Extensive reading (or free reading, book flood), is an aid to language learning, including foreign language learning, by means of a large amount of reading which is expected to statistically increase unknown word encounters and associated learning opportunities by inferencing. The learner's view and review of unknown words in specific context will allow the learner to infer and thus learn those words' meanings. While the mechanism is commonly accepted as true, its importance in language learning is disputed.(Cobb 2007)
Extensive reading is contrasted with intensive reading, which is slow, careful reading of a small amount of difficult text – it is when one is "focused on the language rather than the text". Extensive and intensive reading are two approaches to language learning and instruction, and may be used concurrently; intensive reading is however the more common approach, and often the only one used.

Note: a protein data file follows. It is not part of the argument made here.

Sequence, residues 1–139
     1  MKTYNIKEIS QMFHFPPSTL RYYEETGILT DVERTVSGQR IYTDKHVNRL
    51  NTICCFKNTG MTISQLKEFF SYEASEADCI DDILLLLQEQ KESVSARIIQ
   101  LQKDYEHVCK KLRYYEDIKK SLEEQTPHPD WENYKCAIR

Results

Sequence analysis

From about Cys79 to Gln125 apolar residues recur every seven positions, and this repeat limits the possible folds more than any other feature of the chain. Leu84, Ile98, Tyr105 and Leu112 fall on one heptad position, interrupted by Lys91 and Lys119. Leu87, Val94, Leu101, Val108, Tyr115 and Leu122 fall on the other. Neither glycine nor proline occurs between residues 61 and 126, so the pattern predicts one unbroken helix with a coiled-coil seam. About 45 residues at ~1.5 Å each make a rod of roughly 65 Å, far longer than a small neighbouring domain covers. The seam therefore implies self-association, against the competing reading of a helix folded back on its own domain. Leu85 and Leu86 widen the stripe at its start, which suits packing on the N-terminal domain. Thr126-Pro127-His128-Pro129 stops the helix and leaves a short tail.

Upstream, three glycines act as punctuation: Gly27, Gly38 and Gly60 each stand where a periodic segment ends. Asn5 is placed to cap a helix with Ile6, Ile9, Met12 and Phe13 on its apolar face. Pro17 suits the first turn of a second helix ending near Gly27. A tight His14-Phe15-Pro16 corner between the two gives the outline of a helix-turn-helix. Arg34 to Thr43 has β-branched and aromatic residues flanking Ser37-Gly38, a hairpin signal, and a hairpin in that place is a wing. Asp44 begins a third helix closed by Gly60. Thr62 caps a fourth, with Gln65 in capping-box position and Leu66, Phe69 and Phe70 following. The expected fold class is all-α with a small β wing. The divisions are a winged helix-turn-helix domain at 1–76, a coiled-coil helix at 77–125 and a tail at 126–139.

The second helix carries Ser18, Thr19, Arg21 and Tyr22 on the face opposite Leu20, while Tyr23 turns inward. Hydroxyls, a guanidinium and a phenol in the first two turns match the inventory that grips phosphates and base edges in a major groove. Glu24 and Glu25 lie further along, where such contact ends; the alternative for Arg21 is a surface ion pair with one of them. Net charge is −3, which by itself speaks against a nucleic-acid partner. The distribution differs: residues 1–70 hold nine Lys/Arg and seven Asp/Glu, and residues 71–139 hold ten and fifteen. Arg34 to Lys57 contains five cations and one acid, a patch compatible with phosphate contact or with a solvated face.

Extensive reading has been used and advocated in language learning since at least the 19th century (with Latin; see below).
Famous quotes related to extensive reading:
“In an extensive reading of recent books by psychologists, psychoanalysts, psychiatrists, and inspirationalists, I have discovered that they all suffer from one or more of these expression-complexes: italicizing, capitalizing, exclamation-pointing, multiple-interrogating, and itemizing. These are all forms of what the psychos themselves would call, if they faced their condition frankly, Rhetorical-Over-Compensation.”
—James Thurber (18941961)